Q & A With Thomas Keller: New Restaurant, New Cookbook + Why He Loves Broiled Lobster With Mayonnaise
Thomas Keller is a busy man right now, between opening his new Bouchon Bistro (the third) in Beverly Hills, going on a national book tour for his new cookbook (the fourth), Ad Hoc At Home, and running what can be described as a small empire. It's a very organized empire. It has lots of labels, which are often in French. The gleaming metal doors to the new walk-in refrigerators at Bouchon, set to open next Wednesday night, each have their own labels: Poisson, for example, for the fish station's own walk-in. There are also labels underneath the kitchen clocks reading "Sense of Urgency." But it's the kind of organization that makes sense, the way that a mis en place makes sense, at once an efficient work station and a beautiful, vaguely Renaissance still life.
Deborah Jones Chef Thomas Keller
Keller made some time yesterday to talk to us about the merits of such organization, what it feels like to open his first restaurant in L.A., the possibility that he may yet open a Bouchon Bakery here, and his first culinary memory, involving a broiled lobster. Check back tomorrow for Part 2 and a recipe from the new book.
Squid Ink: What it's like to open up a restaurant up in Los Angeles, especially after not having been here since you worked at the Checkers Hotel dining room in 1991?
Thomas Keller: Certainly it's scary. I mean my last time here, although it was great being in Los Angeles--I love Los Angeles--it wasn't the best career move I ever made. Nonetheless it got me to The French Laundry, so in hindsight coming to Los Angeles was the best career move I ever made. I'm very nervous, a bit frightened. It's opening a restaurant. You're putting yourself out there; people are going to come and judge you on the quality of their experience. We're working really hard to make sure that our guests have a really great experience and part of that is to make sure that our staff has a great experience. Building them a restaurant where they can work comfortably and be organized and efficient and have a good time is paramount to my philosophy of opening restaurants.
SI: Why Beverly Hills?
TK: It was really where we found the space. We weren't really looking, then we were looking, and then we weren't looking, and then it just came up. It seemed to be a good synergy. We're right next to the Montage, Wolfgang's across the street. Cañon Drive, Beverly Hills, is in the center of things; people can get to it from the east, from the west. It's a brand new building, and it allowed us to be a part of the opening of that building, which is really exciting. It just seemed to work out right.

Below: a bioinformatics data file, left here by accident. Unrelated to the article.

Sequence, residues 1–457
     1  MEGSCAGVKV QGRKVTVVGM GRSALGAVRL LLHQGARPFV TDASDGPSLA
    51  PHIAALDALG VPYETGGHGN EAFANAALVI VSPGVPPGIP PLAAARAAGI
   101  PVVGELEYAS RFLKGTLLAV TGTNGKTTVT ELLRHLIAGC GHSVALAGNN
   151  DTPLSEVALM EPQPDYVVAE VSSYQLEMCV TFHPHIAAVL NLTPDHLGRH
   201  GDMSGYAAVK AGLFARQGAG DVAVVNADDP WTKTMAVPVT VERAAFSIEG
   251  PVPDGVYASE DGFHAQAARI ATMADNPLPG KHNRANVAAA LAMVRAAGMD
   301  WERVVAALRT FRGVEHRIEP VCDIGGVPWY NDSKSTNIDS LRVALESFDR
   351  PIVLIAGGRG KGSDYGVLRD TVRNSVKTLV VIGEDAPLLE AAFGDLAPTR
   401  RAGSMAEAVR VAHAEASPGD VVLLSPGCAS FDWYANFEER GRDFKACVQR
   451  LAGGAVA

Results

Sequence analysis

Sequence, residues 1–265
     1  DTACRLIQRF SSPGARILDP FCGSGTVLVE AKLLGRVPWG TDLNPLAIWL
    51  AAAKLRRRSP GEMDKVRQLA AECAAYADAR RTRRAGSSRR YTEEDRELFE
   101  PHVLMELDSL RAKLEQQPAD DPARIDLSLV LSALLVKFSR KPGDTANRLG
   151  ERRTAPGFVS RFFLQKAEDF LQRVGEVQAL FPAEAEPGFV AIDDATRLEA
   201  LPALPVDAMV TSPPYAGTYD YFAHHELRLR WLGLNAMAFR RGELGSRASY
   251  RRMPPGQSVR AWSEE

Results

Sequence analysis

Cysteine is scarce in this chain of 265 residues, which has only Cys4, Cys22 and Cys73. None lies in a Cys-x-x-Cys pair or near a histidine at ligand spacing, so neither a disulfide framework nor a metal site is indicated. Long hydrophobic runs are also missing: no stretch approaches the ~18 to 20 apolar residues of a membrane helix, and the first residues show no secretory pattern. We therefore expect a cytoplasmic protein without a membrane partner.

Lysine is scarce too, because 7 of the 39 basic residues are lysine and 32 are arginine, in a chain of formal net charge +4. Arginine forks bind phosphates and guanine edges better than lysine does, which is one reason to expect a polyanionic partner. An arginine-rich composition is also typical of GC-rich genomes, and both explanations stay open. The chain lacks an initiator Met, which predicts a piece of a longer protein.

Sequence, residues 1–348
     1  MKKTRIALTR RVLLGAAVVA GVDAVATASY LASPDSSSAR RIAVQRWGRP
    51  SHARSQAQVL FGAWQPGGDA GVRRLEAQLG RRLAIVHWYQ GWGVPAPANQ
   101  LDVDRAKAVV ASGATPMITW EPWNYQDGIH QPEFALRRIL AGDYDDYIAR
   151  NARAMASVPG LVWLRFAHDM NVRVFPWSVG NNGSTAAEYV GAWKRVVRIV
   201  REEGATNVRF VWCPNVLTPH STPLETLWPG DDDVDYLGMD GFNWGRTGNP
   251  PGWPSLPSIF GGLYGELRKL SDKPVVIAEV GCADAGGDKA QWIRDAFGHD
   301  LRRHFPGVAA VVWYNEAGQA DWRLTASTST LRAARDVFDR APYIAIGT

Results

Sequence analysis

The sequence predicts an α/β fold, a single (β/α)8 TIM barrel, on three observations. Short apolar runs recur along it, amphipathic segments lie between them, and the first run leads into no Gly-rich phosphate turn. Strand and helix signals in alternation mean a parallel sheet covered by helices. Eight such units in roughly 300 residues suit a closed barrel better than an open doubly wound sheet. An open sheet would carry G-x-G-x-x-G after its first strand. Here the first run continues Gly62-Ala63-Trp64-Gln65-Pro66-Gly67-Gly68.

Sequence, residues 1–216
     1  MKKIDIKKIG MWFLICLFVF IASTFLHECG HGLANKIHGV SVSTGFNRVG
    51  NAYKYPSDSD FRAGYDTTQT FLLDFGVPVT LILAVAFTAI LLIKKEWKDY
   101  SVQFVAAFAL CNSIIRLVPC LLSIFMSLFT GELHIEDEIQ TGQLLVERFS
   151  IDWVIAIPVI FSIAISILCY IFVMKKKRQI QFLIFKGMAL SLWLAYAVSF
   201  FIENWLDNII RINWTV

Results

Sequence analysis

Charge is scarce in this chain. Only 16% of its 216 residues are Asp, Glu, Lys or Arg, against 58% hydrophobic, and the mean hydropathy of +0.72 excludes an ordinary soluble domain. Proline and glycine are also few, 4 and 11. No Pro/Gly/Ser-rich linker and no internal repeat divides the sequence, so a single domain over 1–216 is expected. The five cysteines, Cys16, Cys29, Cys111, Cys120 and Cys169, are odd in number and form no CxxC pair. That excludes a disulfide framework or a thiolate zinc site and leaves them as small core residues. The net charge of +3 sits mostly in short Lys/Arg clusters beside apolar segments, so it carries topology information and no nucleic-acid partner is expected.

SI: You didn't end up opening a bakery?
TK: It was a space issue. Originally we were going to open a bakery where the wine bar is, but looking at the design of the kitchen, we felt like it would consume too much space. So we decided to change it to a wine bar. We felt like that was more consistent with Bouchon, with the food and with the hours. A bakery opens at 7 in the morning; it's manned 24 hours a day. Having said that, now I can tell you that there is a smaller space right next to Bouchon which we're trying to get for a bakery. Hopefully the city will be as excited about that. It's not a confirmed deal. We're working on it.
A. Scattergood Bouchon kitchen clock
SI: You have a camera at The French Laundry kitchen. Will you have one here?
TK: We have a video feed between Per Se and the French Laundry. We're going to have a video feed between all three Bouchons--Bouchon Yountville, Bouchon Las Vegas and Bouchon Beverly Hills. Three-way. By early summer it will be all five-way. So each restaurant can view the other restaurants. Only the kitchens. It takes a while to get that technology installed. Not from our standpoint, but from whoever does it, from ATT or whomever.